August 4, 2011
Living Long Doesn’t Mean Healthier Habits
(Ivanhoe Newswire) "“ The U.S. Census Bureau estimates nearly 425,000 people aged 95 and older live in the United States. A new study has found that when it comes to living an exceptionally long life, people who live to be over the age of 95 or older are no more honorable than anyone else in terms of their diet, exercise routine, smoking and drinking habits.
The researchers interviewed 477 Ashkenazi Jews who were living independently and were 95 and older, 75 percent were women. Descended from a small founder group, Ashkenazi Jews are more genetically uniform than other populations; making it easier to spot gene differences that are present.The participants were asked about their lifestyles at the age of 70. They answered questions about their weight and height to calculate their body mass index (BMI). They also provided information about their alcohol consumption, smoking habits, physical activity, and whether they ate a low-calorie, low-fat or low-salt diet.
To compare these people with the general population, the researchers used data from 3,164 people who were examined between 1971 and 1975, who had been born around the same time as the centenarians, which are people who are at least a hundred years of age.
Overall, people with exceptional longevity did not have healthier habits than the comparison group in terms of BMI, smoking, physical activity, or diet. Twenty-seven percent of the elderly women and an equal percentage of women in the general population attempted to eat a low-calorie diet. Among long-living men, 24 percent consumed alcohol daily, compared with 22 percent of the general population. And only 43 percent of male centenarians reported engaging in regular exercise of moderate intensity, compared with 57 percent of men in the comparison group.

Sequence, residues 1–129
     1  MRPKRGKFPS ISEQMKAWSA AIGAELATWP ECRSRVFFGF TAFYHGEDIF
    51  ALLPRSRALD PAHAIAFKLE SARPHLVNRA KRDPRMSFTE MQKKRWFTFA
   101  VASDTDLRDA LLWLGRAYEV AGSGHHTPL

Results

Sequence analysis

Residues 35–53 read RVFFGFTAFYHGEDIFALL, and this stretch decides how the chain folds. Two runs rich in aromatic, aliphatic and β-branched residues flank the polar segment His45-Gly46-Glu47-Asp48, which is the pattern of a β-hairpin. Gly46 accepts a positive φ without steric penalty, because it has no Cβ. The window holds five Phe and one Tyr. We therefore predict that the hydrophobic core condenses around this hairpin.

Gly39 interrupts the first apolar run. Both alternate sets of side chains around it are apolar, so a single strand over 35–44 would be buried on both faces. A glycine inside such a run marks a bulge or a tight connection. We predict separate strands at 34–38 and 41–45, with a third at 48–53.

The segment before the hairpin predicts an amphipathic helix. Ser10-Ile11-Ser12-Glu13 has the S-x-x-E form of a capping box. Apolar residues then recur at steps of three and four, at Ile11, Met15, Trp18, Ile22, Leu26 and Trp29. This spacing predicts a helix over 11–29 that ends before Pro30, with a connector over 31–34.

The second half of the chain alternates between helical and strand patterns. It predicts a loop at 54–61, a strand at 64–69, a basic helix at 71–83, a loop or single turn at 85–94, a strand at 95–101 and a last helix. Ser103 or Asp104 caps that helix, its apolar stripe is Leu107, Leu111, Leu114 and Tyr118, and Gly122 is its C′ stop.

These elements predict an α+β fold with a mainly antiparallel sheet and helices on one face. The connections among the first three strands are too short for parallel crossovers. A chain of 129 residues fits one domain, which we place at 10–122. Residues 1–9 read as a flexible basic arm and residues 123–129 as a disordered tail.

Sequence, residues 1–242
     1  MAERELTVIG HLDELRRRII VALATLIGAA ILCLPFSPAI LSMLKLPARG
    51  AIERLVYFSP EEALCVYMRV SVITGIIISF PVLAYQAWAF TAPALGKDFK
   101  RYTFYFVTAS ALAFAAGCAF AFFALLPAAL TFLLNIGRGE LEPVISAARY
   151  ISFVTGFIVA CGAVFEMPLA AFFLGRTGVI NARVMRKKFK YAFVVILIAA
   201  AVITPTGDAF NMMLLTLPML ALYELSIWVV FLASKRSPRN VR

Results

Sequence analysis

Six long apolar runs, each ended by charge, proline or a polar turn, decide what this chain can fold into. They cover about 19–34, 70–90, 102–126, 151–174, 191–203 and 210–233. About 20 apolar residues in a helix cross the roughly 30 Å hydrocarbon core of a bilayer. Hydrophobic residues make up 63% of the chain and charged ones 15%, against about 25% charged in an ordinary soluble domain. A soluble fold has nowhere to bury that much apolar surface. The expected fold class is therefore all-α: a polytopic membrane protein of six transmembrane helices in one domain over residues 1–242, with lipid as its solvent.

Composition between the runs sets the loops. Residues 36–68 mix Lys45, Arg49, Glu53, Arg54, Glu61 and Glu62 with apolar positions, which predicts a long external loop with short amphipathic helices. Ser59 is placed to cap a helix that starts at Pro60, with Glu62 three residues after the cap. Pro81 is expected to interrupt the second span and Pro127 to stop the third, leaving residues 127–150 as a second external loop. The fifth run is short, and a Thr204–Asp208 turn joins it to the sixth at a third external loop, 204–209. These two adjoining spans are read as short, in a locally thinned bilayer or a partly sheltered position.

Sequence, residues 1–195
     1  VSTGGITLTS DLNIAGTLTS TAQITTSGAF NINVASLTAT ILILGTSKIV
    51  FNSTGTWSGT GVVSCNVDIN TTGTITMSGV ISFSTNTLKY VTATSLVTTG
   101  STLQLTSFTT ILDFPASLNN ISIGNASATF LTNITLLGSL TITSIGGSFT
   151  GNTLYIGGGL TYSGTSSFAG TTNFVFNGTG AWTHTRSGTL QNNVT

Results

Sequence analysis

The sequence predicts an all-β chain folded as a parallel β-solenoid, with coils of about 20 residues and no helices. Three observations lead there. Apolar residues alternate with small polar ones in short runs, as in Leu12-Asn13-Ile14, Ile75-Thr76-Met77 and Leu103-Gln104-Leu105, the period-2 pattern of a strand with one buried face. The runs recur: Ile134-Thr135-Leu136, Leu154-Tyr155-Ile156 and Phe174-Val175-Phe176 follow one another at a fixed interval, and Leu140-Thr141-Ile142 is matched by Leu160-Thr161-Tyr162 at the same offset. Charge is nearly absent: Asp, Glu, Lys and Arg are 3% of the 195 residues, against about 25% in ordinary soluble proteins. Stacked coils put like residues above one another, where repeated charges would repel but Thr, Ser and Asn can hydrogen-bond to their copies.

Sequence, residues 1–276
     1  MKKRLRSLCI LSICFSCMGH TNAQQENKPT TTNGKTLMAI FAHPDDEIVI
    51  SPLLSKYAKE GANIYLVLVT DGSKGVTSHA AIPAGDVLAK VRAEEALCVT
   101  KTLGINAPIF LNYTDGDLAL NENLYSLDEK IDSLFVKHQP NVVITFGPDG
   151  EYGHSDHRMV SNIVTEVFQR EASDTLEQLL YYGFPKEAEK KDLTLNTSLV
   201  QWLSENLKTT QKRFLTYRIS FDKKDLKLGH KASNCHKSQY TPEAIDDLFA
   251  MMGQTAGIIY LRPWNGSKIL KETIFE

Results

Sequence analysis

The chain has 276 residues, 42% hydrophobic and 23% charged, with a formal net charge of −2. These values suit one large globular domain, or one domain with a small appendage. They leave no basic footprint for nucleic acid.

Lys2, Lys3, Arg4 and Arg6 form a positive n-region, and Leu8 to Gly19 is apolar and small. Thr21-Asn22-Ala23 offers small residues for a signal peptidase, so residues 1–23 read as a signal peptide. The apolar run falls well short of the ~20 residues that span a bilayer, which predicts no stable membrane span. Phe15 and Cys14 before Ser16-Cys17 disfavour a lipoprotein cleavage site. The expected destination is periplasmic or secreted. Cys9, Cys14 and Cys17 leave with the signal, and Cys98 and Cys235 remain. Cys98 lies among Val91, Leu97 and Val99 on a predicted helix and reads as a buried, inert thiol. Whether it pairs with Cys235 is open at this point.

"In previous studies of our centenarians, we've identified gene variants that exert particular physiology effects, such as causing significantly elevated levels of HDL or 'good' cholesterol. This study suggests that centenarians may possess additional longevity genes that help to buffer them against the harmful effects of an unhealthy lifestyle," Nir Barzilai, M.D., senior study author, and director of the Institute for Aging Research at Einstein, was quoted saying.
However, the research found that overweight centenarians tended to have lower rates of obesity than the control group. Although male and female centenarians were just as likely to be overweight as their counterparts in the general population, the centenarians were significantly less likely to become obese. While longevity genes may protect centenarians from bad habits, healthy lifestyle choices remain critical for the rest of the population.
"Although this study demonstrates that centenarians can be obese, smoke and avoid exercise, those lifestyle habits are not good choices for most of us who do not have a family history of longevity," Dr. Barzilai said.
SOURCE: Journal of the American Geriatrics Society, August 3, 2011.